How did we get our Bible, especially the English Bible?



All scripture is God-breathed (2 Tim 3:16)

REVELATION   After the fall of man in Eden, and his becoming a sinful being alienated from God, we notice the first fruit of this separation was that Adam & Eve hid from the presence of God in Eden (Genesis 3:8) and in effect, lost communication except where now grace must and would seek them out. This was no surprise to God of course. 
From then on, God began to reveal Himself and His glory to fallen mankind, through the calling of Abraham, the birth of the nation Israel, and ultimately the arrival of the Messiah through that chosen people. 

Revelation is God revealing Himself to mankind, and we are blessed to have this record written down by faithful witnesses, led of the Holy Spirit to record the God-breathed record (2 Tim. 3:16-17).  Due to the fall and his subsequent and universal sinful nature, man is unable to grasp spiritual truth or to have fellowship with his Maker (1 Cor. 2:14).
In order to know God,  the new birth, forgiveness of sins, and illumination of the Holy Spirit are paramount. The story of the bible is that story- of redemption, grace, and - centrally – it is about the person and work of Jesus Christ-God manifest in the flesh. The Old Testament looked forward to His coming, and His atoning work & resurrection. The New Testament gives the record of these momentous events, looking back and also explaining the origin of that new thing, the Church, which is the body into which saved men and women were brought into.  These are the most important issues man must face, and it is essential to know where to find the answers.
So where did this book come from, and how did we get it in English? Bear with us, as we'll be there soon, a little more background is needed-


PROGRESSIVE REVELATION   In the beginning, God created the heavens and the earth (Gen. 1:1). The crowning work of creation was man - created from the dust (see 2:7), in God’s image, on the 6th day. As mentioned above, the fall of man, and his alienation from God, led to the need for divine intervention.


Written in the latter 1st century, Hebrews 1:1 tells us the progression of the revelation of this work of God towards man: “God, who at various times and in various ways spoke in time past to the fathers by the prophets, has in these last days spoken to us by His Son (literally IN SON).” Or to put it another way, God spoke, as a SON. He spoke to the fathers (like Abraham) and through the prophets (like Isaiah) and inspired men to record those historical events. Later He spoke with finality in the person of His Son. The Bible is that inspired record.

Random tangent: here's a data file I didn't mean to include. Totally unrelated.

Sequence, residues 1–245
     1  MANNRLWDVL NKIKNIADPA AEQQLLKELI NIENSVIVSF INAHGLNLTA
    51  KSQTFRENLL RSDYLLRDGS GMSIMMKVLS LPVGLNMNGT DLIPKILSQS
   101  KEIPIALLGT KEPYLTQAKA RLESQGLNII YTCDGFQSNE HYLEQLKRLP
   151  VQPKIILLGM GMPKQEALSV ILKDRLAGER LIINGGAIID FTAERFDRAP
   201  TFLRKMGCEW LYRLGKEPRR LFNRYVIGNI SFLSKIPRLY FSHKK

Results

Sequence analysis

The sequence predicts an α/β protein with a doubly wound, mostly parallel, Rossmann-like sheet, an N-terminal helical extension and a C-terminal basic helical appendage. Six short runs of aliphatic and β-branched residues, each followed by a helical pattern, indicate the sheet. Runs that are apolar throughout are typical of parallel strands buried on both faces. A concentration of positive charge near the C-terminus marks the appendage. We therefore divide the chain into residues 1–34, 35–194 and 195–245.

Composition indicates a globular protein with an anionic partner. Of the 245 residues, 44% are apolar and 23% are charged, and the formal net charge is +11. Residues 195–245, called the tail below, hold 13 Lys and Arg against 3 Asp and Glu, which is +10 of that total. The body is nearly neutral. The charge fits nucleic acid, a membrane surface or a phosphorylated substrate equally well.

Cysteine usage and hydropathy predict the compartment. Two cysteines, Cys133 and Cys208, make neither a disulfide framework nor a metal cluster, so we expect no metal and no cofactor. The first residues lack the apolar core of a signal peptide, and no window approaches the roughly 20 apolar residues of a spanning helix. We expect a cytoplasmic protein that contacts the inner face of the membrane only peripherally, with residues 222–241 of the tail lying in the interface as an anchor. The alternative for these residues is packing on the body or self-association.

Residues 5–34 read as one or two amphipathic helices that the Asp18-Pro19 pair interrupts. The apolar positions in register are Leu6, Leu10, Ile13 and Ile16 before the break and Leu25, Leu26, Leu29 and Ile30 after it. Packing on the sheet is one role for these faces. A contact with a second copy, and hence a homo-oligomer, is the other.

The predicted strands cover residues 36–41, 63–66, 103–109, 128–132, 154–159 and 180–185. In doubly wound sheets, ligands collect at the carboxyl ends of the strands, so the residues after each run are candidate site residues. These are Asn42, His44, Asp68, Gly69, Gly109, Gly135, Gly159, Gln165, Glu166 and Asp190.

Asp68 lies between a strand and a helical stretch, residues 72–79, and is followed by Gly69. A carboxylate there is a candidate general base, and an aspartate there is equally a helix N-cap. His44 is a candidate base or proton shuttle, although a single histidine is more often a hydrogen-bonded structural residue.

In the Bible sense, Inspiration means God-breathed (Gk theopneustos from theos-God, pneumos-spirit/breath). God spoke through holy men (2 Peter 1:21), the very words He wanted to convey. This revelation therefore, being God-breathed, was without error in its original autographs. The authorship and transmission of scripture finds its basis in this “inspiration.”  Believers hold to "Verbal Plenary Inerrancy" which means that all of the Bible is inspired from its historical accounts, down to the very words and letters of Scripture. It is not merely inspirational, nor a book containing mere valuable concepts, but is fully inerrant.

For example, the testimony of Jesus Himself tells us that (John 5:46) Moses is the human author of the Pentateuch (Genesis – Deuteronomy). Perhaps he began to write as early as 1440 BC., though he wrote of events that were much earlier (ie…creation). How would he have known what to write?  Inspiration. God revealed it to him.  This is accepted by faith.


Early on we read Moses gave the first prophecy of the coming Messiah (Genesis 3:15). He records the account of Noah & the flood.  Of interest to the scientist should be the fact that 75% of rock on the earth is sedimentary. What this means is that it was laid down by the action of water-worldwide! The existence of huge buried Fossil Fuel fields throughout the earth, which came from living organic materials, suddenly buried in a cataclysmic event, give great credence (as if needed) to the biblical account of Noah’s flood.  These are indelible marks of inspiration as God’s word to man progressed, in a written record.  Even in Moses’ day, writing was highly developed. Archaeologists have found writing on stone, clay tablets, animal skins, papyrus, etc.

In Deuteronomy 10:2, God told Moses to place the written tablets of the commandments into the Ark of the Covenant. The Levitical priests took care of these items, and going forward God revealed more and more through the fathers and prophets of the nation of Israel.


To them and through them He gave the scriptures, the covenants, the promises.  (See Romans 3:3, 9:4-5)  After Moses, the next leader of the nation was Joshua, and to him was confirmed the value of scripture as he was told by God in Joshua 1:8: “ This Book of the Law shall not depart from your mouth, but you shall meditate in it day and night, that you may observe to do according to all that is written in it. For then you will make your way prosperous, and then you will have good success”.  The book of God was valued indeed.